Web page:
Memorial Day in Newfoundland and Labrador
A German legend says that when God was naming the flowers he had named them all but one. The little flower said to God, âForget-me-notâ, and God said that will be your name.
© Sharon Adms
A handful of the flower forget-me-not- being held at a ceremony of remembrance in France.
Sharon Adams photo, Legion Magazine
And so it was, and so it is.
The forget-me-not is well known in northern countries and is famous in Newfoundland history.
The little blue flower was used in Newfoundland, and is still worn by traditionalists, on Memorial Day, July 1 to commemorate the brave Newfoundlanders who died in World War One and especially those who died on the battlefield of Beaumont-Hamel during the Battle of the Somme in 1916.
July 1, 1916 was a terrible day in Newfoundland history. We were still a Dominion of Great Britain at that time and the Royal Newfoundland Regiment, made up of residents from nearly every community in the province, was a key part of the Allied war effort.
The infamous day and battle will be the subject of debate forever but the fact is that the Allied forces attacked the Germans head-on on that tragic day.
The German gunners had a field day as they slaughtered numerous Allied soldiers. Among the troops who courageously answered the battle call on that morning were 780 men of the Royal Newfoundland Regiment.
It only lasted about 30 minutes but when the fighting was over the regiment was decimated with only 68 soldiers answering the roll call on the morning of July 2.
On July 1, 1917 the Dominion of Newfoundland chose the blue forget-me-not as the emblem to wear on Memorial Day to remember those brave young Newfoundlanders who fought and died for us in World War One.
Every Memorial Day the forget-me-not was passed out to school children in the province so the sacrifice of the soldiers would not be forgotten and the little flower became famous in our province.
However, when the rest of Canada joined Newfoundland in 1949 Newfoundlanders started celebrating Canada Day on July 1 and, over time, the forget-me-not faded from our memories.
As Canadians we took to celebrating Canadaâs birthday on July 1 and to wearing the poppy on November 11, Remembrance Day.
Thanks to people like Bud Davidge, however, the forget-me-not is seeing a resurgence in interest today and is once again becoming popular in our culture.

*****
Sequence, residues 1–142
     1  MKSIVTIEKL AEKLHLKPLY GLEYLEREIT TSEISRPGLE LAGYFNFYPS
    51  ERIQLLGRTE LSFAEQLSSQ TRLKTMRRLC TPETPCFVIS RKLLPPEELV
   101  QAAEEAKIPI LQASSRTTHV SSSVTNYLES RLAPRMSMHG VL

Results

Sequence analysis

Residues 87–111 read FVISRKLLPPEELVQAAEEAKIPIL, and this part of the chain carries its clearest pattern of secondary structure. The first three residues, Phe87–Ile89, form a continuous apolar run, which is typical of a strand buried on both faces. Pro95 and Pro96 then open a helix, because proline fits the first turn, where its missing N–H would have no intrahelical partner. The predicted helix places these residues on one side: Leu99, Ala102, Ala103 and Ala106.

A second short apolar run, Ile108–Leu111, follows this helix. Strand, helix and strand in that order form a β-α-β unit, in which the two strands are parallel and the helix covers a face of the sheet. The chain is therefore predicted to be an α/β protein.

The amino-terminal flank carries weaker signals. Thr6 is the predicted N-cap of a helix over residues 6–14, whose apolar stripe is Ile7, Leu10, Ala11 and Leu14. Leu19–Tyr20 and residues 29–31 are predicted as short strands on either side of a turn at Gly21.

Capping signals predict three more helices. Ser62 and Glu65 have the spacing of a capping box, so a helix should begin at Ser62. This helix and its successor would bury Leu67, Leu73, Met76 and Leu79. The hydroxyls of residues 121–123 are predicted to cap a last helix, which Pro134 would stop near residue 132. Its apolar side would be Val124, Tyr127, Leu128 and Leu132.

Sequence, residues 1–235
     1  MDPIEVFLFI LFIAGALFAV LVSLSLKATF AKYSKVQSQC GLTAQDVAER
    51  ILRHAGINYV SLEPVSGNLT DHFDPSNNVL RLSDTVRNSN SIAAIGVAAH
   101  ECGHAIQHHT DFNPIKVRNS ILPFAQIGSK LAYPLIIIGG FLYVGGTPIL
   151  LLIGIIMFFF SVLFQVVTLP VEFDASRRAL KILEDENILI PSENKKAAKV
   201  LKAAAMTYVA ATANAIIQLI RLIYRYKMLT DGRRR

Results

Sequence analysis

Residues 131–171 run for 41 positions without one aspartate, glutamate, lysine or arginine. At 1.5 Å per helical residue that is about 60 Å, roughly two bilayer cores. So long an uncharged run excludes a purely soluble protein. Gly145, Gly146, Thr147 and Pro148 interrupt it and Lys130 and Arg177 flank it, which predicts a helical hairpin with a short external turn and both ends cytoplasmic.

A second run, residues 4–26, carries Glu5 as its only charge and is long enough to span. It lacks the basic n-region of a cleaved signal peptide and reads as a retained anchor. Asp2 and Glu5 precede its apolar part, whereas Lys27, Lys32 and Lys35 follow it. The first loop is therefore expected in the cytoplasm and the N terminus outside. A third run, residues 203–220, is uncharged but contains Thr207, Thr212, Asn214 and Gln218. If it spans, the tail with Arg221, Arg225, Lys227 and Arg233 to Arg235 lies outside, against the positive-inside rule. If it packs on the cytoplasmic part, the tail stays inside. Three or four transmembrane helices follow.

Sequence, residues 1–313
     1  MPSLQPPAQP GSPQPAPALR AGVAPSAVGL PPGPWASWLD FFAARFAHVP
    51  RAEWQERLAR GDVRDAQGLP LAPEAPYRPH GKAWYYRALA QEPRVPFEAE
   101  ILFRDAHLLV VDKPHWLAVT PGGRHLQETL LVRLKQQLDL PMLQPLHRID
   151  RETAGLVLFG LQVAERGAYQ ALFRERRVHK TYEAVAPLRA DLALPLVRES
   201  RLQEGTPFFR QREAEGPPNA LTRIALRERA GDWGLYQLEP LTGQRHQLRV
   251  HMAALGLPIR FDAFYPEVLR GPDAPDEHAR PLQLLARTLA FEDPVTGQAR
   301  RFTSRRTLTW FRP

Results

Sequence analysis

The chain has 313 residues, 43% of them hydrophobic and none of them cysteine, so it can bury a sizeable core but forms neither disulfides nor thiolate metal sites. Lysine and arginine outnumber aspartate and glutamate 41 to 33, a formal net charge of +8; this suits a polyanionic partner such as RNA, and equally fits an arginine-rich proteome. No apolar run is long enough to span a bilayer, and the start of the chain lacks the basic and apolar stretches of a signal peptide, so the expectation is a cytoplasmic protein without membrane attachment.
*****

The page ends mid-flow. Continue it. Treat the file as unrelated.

Davidge, of Simani fame, has written a number of songs that will help keep our culture vibrant and his song âThe Little Blue-Forget-Me Notâ will certainly help keep the tradition of Memorial Day and the famous flower alive in our history.
Davidge said that a former resident of St. Jacques, Jim Johnson, who was living in Halifax, wrote him in 1999 suggesting that he write a song about the forget-me-not and its role in Newfoundland history.
Davidge kept the thought in the back of his mind and it was while touring the World War One battlefields on a trip to Europe in 2003 that he decided to take his friend up on his suggestion.
âIt was like a spiritual feeling when I walked on the former battlefields and saw some of the monuments dedicated to the Newfoundland soldiers who fought in Europe during the war,â Davidge said.
âThat trip peeked my interest in writing the song and after we retuned home I decided to do just that.â
Davidge said that the forget-me-not was an appropriate symbol to remember the Newfoundland soldiers.
âThe blue symbolized the loyalty of the soldiers. The flower, which can survive in the hardiest of climates and grow in the toughest terrain, symbolized the toughness, strength and endurance of the Newfoundland troops.
âItâs fitting that weâre seeing the new interest in the forget-me-not today,â he said.
A verse in the song goes:
Forget-me-not, wee flower of beauty,
Your royal symbol proudly stands,
Blue as the loyal men that wore them,
Far from their homes in Newfoundland.
As time marches on we tend to forget past events of long ago. Hopefully, we wonât forget the Newfoundlanders who so tragically died in World War One and the role of the forget-me-not in helping us keep their memory alive.